PreS-Gr 2-King Olaf and Queen Olive are serious rulers who read and say serious things, and they gave their son a serious name, expecting him to follow in their footsteps. Ernest, however, would rather be a jester than a king. Wearing an oversized boot on his head and armed with an umbrella, he goes jousting astride a hobbyhorse. His father warns that being king is no laughing matter, and that a "fire-breathing, people-eating, three-headed dragon" is on the loose. The boy sneaks out of the castle and straightaway meets the creature, "face-to-face-to-face-to-face." Ernest is tongue-tied; the dragon, "surprisingly talkative." The three heads (Snaggle, Snuffle, and Snide) bicker constantly as they attempt to settle his fate. When Snuffle admits that they "haven't laughed in a thousand years," Ernest extracts a promise: if he makes them laugh, they'll let him go. This slight story is a tad predictable, but it's told with goofy good humor. The exuberant cartoons, in brightly hued transparent watercolors, are full of comic detail. Children will giggle right up to the fitting conclusion of this lighthearted romp.-Marilyn Taniguchi, Beverly Hills Public Library, CA Copyright 2003 Reed Business Information.
Kirkus Reviews
Another perceptive, deceptively cartoonish tale from Howard. Despite his portentous name, young Ernest confounds his serious-minded royal parents by declaring that he only wants to be a court jester-an ambition that ultimately stands him in good stead during an encounter with a dour three-headed dragon. Given "two chances, or maybe three" to make the monster's heads laugh, or become a snack, Ernest comes through in the clutch despite the unusually tough audience-"We haven't laughed in a thousand years"-and returns to the palace in triumph. Does he then change his ways? Howard gives readers two chances to decide, ". . . or maybe three." Tucking plenty of wordplay into the brief text to complement his playful, loosely drawn illustrations, Howard produces another child-friendly episode, this one with an underlying message about parental expectations and being allowed to be one's own fool. (Picture book. 5-7)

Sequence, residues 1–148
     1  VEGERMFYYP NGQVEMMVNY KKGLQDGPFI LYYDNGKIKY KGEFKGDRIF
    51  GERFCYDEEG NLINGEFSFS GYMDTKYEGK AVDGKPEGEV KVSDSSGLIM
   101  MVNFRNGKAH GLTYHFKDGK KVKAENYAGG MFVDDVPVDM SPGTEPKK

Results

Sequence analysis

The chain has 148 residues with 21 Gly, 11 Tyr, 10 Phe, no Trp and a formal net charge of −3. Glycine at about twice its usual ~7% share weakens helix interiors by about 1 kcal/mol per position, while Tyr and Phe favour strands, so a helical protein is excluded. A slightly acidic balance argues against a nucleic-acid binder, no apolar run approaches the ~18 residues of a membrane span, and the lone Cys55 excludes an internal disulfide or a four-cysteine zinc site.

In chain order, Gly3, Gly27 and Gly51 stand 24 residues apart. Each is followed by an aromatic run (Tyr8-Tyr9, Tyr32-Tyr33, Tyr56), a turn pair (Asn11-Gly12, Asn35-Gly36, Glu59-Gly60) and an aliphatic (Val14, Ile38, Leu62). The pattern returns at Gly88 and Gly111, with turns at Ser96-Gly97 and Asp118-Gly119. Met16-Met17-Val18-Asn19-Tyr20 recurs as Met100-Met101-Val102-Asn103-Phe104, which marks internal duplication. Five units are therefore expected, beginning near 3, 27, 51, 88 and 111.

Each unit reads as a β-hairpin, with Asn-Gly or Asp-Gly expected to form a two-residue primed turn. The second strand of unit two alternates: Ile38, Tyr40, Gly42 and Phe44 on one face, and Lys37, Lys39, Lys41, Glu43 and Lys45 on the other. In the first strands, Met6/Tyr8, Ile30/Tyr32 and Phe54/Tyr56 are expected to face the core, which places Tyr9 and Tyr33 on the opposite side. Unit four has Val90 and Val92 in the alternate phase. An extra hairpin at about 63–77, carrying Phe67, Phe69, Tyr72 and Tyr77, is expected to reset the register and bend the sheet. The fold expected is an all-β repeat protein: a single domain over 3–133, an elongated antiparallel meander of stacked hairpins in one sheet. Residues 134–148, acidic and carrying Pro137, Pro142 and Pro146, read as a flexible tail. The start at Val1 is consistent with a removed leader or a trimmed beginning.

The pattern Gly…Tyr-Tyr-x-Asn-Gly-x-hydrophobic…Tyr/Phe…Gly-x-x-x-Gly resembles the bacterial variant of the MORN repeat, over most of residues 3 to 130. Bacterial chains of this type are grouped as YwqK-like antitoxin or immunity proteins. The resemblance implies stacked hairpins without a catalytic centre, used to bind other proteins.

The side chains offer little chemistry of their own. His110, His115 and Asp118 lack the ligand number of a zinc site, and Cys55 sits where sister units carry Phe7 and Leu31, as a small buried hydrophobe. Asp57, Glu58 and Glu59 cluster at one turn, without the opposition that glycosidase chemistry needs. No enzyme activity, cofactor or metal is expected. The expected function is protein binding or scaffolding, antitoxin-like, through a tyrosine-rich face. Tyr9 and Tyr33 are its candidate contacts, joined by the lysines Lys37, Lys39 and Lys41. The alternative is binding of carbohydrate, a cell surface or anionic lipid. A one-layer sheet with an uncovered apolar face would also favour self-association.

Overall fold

From the Publisher

"Told with goofy good humor . . . Children will giggle right up to the fitting conclusion of this lighthearted romp."--School Library Journal
"This crowd pleaser will tickle even a heckler's funny bone."--The Horn Book

Product Details

ISBN-13:
9780152026646
Publisher:
Houghton Mifflin Harcourt
Publication date:
10/01/2003
Edition description:
First Edition
Pages:
32
Product dimensions:
11.00(w) x 8.50(h) x (d)
Lexile:
AD490L (what's this?)
Age Range:
3 Years

Meet the Author


ARTHUR HOWARD is best known as the illustrator of Cynthia Rylant's Mr. Putter & Tabby series. He is also the illustrator of Kathi Appelt's Bubba and Beau series, and he has written and illustrated four other picture books of his own. He lives in New York City.

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Serious Trouble 4 out of 5 based on 0 ratings. 1 reviews.
Guest More than 1 year ago
This book is a good but not a great book to me. I say this because I didn't see alot of deails in the book. I did like the part when Earnest didn't get eaten by the monster, and when he saved the town! Also I liked then ending when Earnest put on a show together for his parents, the king and queen. I look forward to reading more books by Aurthur Howard.